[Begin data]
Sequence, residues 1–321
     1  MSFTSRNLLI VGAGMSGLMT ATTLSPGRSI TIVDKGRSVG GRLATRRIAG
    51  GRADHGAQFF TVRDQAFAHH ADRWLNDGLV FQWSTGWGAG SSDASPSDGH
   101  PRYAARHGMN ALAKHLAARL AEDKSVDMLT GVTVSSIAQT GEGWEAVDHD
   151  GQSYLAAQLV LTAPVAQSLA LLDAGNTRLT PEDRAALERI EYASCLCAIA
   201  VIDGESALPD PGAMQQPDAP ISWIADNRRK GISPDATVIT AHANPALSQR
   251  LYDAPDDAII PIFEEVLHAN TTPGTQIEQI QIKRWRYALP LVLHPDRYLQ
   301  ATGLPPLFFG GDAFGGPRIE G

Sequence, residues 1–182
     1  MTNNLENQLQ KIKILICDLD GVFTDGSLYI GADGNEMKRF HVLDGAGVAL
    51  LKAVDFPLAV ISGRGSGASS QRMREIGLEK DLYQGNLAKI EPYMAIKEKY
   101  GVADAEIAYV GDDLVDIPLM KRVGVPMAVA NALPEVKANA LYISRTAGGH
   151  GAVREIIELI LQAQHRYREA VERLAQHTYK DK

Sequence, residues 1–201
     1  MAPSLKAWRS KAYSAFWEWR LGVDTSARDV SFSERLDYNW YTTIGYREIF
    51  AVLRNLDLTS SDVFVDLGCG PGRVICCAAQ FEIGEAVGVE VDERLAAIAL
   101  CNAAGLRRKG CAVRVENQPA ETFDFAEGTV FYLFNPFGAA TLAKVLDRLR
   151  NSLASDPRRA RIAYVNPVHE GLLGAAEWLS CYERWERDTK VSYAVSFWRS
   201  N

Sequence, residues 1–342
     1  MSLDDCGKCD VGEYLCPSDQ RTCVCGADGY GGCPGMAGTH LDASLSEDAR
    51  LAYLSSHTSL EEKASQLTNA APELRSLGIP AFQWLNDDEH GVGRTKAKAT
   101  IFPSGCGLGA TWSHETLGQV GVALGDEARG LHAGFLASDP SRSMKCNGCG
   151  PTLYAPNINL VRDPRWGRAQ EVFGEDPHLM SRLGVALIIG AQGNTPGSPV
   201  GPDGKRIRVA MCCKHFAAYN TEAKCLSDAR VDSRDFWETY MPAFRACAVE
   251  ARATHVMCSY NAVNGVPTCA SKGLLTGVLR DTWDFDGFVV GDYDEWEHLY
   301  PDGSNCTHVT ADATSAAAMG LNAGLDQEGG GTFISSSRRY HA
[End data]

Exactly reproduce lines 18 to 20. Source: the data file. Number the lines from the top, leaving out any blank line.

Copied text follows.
   151  NSLASDPRRA RIAYVNPVHE GLLGAAEWLS CYERWERDTK VSYAVSFWRS
   201  N

Sequence, residues 1–342